Steel is a material that is central to modern society, be it in the cars we drive, the buildings we work in, the homes in which we live, and countless other facets in between. But making steel comes at a huge cost to the environment, with iron and steelmaking accounting for 9% of the world’s total emissions. With the goal of limiting global warming to 1.5°C, the International Renewable Energy Agency (IRENA) recommends a 90% reduction in CO2 emissions by 2050 — a radical reduction that many see as impossible to achieve. But now, researchers at the University of Birmingham have developed a solution that could achieve this exact target.
A game-changer in steelmaking: “closed loop” carbon recycling
Most people simply cannot fathom how carbon-intensive steelmaking can be. Just imagine this: for every ton of steel produced, a steelmaking plant releases roughly two tons of CO2. You’ve read that right.
This is mainly due to the fact that steelmaking uses coking coal — one of the dirtiest, carbon-rich fuels ever — accounting for 15% of the total global coal consumption.
On an annual basis, the steel industry uses 2 billion tons of iron ore, a billion tons of metallurgical coal, and 575 million tons of recycled steel to produce 1.7 billion tons of crude steel. This means that in a business-as-usual scenario, the steel industry should release 65 billion tons of carbon dioxide into the atmosphere, which is more than 10% of the remaining carbon budget we have to keep global warming in check at 1.5°C, per the Paris Agreement.
One option to meet our climate goals would be to replace all our coal-fired furnaces with natural gas-based direct reduction of iron followed by an electric arc furnace supplied by renewable energy. But by one estimate, such a steelmaking plant costs around $1.5 billion to build. Another option involves natural gas-powered iron ore reduction coupled with carbon capture and sequestration technology, but this is perhaps even more expensive, costing up to $160 per ton of CO2 captured and stored. The price of steel would surge many-fold and given the ubiquity of this material, all of these alternatives sound unfeasible at a global level.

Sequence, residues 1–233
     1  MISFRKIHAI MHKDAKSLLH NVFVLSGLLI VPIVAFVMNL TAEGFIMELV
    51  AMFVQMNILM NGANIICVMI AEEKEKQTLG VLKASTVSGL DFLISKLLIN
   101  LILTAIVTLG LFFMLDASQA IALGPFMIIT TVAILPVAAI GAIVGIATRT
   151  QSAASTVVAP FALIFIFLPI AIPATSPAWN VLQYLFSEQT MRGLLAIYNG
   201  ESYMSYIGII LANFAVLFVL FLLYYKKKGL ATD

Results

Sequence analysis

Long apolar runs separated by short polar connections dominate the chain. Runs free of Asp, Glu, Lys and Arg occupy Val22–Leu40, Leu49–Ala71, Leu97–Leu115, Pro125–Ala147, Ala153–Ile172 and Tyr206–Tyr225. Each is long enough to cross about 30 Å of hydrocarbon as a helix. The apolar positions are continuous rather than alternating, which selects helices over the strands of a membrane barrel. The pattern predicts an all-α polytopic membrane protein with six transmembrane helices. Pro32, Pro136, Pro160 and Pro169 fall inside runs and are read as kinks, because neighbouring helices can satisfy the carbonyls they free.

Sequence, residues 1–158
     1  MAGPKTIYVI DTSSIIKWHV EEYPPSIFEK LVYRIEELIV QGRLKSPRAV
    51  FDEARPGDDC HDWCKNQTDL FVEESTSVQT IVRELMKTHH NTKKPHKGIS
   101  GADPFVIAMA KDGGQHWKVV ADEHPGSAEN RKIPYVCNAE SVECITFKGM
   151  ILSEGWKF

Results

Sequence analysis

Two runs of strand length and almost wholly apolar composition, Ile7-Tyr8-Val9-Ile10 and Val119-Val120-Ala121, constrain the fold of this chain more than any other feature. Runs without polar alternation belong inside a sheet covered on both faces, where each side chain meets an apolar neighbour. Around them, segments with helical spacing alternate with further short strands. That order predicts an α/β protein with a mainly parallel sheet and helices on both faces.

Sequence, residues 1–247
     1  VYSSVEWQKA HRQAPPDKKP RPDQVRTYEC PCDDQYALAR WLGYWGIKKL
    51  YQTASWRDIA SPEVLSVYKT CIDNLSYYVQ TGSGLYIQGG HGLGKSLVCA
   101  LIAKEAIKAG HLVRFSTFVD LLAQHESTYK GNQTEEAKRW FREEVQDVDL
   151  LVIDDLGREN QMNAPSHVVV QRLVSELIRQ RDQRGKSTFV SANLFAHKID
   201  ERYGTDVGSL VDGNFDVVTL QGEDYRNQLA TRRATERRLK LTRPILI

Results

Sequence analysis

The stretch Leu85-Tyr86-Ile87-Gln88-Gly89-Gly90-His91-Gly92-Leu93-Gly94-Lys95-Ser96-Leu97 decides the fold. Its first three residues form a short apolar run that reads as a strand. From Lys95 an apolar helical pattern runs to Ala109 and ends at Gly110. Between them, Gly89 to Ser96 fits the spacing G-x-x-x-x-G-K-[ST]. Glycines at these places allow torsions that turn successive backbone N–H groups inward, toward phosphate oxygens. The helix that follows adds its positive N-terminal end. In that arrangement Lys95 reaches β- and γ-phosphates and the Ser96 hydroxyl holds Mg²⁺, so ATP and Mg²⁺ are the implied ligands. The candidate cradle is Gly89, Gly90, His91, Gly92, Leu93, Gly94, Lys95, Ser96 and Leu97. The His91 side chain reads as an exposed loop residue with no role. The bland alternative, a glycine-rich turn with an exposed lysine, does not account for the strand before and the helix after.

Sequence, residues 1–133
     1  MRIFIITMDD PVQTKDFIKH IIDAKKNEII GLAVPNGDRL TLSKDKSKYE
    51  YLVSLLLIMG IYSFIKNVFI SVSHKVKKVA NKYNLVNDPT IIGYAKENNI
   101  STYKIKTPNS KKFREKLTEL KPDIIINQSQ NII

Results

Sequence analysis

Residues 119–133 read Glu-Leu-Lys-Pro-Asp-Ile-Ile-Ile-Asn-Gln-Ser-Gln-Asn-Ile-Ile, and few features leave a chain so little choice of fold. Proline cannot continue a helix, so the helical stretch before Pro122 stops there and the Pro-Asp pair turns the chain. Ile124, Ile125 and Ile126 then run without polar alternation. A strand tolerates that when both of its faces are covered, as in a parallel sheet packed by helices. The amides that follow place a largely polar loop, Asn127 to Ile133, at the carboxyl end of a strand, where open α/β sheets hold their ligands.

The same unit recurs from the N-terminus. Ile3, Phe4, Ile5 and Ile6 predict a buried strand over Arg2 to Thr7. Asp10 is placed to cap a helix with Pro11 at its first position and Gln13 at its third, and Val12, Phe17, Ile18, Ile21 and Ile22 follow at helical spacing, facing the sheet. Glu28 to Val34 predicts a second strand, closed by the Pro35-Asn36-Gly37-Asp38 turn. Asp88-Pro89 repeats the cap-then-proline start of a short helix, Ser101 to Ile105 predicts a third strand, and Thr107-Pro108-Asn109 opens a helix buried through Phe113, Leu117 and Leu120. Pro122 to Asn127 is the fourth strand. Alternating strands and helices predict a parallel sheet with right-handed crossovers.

But this is where exciting new research might come in to save the day.
Professor Yulong Ding and Dr. Harriet Kildahl from the University of Birmingham’s School of Chemical Engineering have created a “closed loop” carbon recycling system that could reduce CO2 emissions from the steelmaking industry by nearly 90%. The system utilizes a crystalline mineral lattice known as perovskite to capture CO2 from the top gas of the furnace and reduce it to carbon monoxide (CO).
In addition to reducing emissions, the system could also deliver cost savings of $1.5 billion in 5 years if implemented in the UK alone. Unlike current proposals for decarbonizing the steel sector, which rely on phasing out existing plants and introducing electric arc furnaces powered by renewable energy, the new system can be retrofitted to existing plants.
“An electric arc furnace plant can cost over £1 billion to build, which makes this switch economically unfeasible in the time remaining to meet the Paris Climate Agreement. The system we are proposing can be retrofitted to existing plants, which reduces the risk of stranded assets, and both the reduction in CO2, and the cost savings, are seen immediately,” Professor Ding said in a statement.
The current method of producing iron and steel involves the use of blast furnaces and basic oxygen furnaces, which use metallurgical coke produced from the destructive distillation of coal. This century-old steel manufacturing process is highly carbon-intensive, producing copious amounts of CO2 through reactions between the coke, oxygen, and iron ore.
But by applying this newly proposed method, under a high concentration of CO2, the perovskite splits CO2 into oxygen, which is absorbed into the lattice, and CO, which is fed back into the blast furnace. The perovskite can be regenerated to its original form in a chemical reaction that takes place in a low-oxygen environment. Perovskite was chosen because it is suitable for chemical reactions that take place within a range of temperatures (700-800oC) that can be powered by renewable energy sources and/or generated using heat exchangers connected to the blast furnaces.
The University of Birmingham Enterprise has filed a patent application for the system and is seeking long-term partners to participate in pilot studies so that this technology might be field tested and brought to the industry as soon as possible.
The “closed loop” carbon recycling system offers a promising solution for reducing emissions from the steelmaking industry. With its low cost and low risk, it could be a game-changer in the race to achieve a 90% reduction in CO2 emissions by 2050, while also delivering cost savings.
The findings were reported in the Journal of Cleaner Production.
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